As mentioned before, the R80 V2s use AMT tweeters, and that stands for “Air Motion Transformer.” As opposed to a conventional dome tweeter that pistonically oscillates a little dome, AMT tweeters contract and expand the folds of a pleated membrane to produce sound. To explain using an example, imagine the folded surface of a half-closed curtain- then line the interior folds of the curtain with conductive rods on adjacent sides of the folds, and set two powerful magnets on the sides of the curtain. Run some alternating current through the conducting rods and their newfound electromagnetic field will rapidly collapse and expand the folds of the curtain, and, in doing so, squeeze air in and out of the folds, thereby creating pressure waves that we experience as sound.
A major advantage of AMT tweeters is that since the folds of the diaphragm are much deeper than they are wide, the air is ejected out at a much faster speed than the vibration of the diaphragm itself- as much as five times faster. That can move air very quickly, and that can equal high SPLs in upper frequencies. In fact, the R80 is spec’d at 107dB for peak SPL at 1m, whereas the Eris E8 XT with its 1” dome tweeter is spec’d at 105dB. Since the amp power and woofer are largely the same between the speakers, the increased headroom is likely due to the AMT tweeter.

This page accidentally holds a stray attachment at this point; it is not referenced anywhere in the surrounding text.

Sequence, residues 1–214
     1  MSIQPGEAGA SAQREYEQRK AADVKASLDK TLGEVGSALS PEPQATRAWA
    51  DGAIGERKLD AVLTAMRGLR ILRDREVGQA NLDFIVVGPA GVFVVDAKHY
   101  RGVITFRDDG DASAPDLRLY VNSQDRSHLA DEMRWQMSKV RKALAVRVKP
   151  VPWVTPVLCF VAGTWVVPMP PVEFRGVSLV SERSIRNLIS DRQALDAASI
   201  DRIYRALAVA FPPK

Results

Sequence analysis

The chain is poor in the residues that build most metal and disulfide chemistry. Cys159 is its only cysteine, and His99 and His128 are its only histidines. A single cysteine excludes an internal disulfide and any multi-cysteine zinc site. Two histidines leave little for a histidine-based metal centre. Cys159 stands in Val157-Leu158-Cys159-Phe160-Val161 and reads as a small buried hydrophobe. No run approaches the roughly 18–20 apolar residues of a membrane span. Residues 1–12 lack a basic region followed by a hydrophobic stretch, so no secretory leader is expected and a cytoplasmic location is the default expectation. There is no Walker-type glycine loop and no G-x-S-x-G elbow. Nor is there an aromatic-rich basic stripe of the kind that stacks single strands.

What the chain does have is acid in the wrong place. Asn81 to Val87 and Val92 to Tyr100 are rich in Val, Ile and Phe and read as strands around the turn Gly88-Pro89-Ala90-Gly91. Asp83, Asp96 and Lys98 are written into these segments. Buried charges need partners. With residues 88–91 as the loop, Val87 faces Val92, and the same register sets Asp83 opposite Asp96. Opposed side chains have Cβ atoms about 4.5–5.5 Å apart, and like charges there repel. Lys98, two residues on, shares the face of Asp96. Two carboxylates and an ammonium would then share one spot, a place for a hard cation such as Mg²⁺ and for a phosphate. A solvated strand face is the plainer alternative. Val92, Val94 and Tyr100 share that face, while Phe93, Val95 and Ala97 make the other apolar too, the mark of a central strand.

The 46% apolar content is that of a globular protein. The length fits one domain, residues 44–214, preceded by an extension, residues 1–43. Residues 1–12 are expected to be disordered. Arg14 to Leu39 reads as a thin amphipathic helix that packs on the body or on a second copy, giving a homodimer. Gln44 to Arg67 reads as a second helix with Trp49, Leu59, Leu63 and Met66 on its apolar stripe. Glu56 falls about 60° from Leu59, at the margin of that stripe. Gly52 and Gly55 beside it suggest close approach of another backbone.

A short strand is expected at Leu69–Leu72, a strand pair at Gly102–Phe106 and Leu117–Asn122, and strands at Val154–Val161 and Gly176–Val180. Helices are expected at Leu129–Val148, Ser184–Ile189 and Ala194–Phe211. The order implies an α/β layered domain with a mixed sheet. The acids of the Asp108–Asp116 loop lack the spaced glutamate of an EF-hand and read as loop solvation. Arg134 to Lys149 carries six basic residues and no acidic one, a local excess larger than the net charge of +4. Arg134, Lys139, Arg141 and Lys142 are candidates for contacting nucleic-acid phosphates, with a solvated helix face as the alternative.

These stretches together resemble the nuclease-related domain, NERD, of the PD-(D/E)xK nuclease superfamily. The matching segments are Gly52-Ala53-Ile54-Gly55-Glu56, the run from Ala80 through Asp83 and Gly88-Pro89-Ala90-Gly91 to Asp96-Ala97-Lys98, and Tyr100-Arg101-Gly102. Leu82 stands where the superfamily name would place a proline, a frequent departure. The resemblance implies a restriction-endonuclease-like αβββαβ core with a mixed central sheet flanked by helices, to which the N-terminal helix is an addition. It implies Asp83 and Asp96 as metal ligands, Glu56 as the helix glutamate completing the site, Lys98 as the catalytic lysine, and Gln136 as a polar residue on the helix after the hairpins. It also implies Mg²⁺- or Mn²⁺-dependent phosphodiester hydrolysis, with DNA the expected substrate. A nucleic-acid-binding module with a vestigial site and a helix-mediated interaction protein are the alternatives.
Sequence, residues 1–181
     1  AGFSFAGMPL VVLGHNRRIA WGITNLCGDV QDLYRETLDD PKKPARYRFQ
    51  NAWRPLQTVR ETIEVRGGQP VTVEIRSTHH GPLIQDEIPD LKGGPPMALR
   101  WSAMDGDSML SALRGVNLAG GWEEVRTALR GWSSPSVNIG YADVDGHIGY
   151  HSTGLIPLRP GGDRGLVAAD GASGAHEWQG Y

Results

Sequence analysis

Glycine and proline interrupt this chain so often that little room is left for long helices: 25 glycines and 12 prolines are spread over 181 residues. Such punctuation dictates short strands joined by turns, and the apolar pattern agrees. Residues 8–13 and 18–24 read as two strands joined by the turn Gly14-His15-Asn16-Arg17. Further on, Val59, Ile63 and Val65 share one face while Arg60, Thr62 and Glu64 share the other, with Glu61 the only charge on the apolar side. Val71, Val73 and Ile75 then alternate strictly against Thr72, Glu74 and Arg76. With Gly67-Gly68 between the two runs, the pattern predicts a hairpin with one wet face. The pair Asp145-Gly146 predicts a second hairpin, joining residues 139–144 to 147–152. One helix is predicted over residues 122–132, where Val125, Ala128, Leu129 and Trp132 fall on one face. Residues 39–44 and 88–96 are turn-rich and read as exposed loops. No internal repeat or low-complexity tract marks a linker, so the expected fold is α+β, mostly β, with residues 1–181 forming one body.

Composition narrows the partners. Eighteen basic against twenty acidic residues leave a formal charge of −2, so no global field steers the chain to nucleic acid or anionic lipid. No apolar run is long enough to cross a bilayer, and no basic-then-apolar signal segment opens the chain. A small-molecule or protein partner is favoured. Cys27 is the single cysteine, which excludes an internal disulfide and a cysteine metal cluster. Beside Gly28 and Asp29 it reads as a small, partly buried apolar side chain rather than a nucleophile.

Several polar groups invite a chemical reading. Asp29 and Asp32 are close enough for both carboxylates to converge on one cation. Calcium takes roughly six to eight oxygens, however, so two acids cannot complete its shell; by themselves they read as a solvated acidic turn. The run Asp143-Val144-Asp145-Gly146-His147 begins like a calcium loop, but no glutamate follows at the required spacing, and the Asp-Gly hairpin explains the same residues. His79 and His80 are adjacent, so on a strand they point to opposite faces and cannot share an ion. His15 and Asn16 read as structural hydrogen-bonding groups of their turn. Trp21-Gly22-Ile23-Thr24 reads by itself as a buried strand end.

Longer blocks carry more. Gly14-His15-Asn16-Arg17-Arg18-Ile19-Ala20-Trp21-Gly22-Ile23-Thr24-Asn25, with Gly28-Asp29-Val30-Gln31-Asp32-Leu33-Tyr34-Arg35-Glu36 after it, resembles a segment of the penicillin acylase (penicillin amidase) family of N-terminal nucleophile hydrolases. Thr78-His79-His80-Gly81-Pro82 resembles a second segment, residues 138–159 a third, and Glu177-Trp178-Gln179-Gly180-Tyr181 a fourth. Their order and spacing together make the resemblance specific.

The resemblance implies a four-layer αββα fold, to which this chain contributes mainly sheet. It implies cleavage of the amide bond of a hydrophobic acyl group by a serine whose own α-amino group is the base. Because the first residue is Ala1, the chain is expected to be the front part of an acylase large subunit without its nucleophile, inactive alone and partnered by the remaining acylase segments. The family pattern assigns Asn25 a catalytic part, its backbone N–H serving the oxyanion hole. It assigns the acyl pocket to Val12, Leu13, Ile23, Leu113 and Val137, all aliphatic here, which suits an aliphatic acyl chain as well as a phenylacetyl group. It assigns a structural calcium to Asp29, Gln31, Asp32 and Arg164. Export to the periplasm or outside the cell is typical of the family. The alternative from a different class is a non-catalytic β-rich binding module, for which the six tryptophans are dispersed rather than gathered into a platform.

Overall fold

Another advantage is the very low mass of the diaphragm, which makes it very easy to move and change direction since it does not have the momentum of the weight of a typical dome tweeter. Indeed, the diaphragm material for PreSonus’s AMT is Kapton with a 0.01mm thickness. These elements give AMT tweeters an extended response well into ultrasonic frequency ranges. Also, since AMT tweeters can have a relatively large surface coupled with the air, they can have a very wide dynamic range.